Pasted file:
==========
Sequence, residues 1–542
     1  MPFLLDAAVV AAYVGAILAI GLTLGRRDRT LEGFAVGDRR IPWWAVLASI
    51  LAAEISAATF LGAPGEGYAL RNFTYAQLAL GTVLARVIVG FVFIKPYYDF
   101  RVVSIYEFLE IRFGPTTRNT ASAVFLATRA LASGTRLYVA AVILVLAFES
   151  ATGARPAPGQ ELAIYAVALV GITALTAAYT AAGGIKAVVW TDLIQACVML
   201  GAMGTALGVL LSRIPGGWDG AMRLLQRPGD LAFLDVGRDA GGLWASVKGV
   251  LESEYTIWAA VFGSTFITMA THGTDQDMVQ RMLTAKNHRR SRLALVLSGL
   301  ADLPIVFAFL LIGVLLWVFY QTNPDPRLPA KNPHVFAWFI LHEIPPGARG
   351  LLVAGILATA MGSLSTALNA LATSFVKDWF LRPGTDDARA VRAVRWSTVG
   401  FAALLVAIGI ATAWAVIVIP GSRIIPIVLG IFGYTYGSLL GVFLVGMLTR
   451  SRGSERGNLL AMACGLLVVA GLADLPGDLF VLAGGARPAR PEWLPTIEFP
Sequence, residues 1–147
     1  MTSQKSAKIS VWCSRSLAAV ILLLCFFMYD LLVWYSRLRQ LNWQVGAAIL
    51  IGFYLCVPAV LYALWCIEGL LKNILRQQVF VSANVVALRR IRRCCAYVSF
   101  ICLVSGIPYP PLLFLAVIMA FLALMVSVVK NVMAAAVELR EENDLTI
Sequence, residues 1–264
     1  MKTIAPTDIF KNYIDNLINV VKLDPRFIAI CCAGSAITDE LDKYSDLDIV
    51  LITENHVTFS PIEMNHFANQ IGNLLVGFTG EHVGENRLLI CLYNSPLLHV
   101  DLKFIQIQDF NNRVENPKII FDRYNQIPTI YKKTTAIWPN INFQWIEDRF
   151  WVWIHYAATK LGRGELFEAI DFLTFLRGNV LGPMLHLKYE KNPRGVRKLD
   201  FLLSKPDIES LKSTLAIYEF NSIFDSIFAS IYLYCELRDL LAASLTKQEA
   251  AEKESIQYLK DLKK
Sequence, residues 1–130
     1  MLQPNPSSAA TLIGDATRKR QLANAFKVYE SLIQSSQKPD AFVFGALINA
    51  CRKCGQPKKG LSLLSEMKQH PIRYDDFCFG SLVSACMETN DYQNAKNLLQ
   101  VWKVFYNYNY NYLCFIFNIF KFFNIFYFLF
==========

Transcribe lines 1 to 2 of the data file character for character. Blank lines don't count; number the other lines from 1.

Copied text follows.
Sequence, residues 1–542
     1  MPFLLDAAVV AAYVGAILAI GLTLGRRDRT LEGFAVGDRR IPWWAVLASI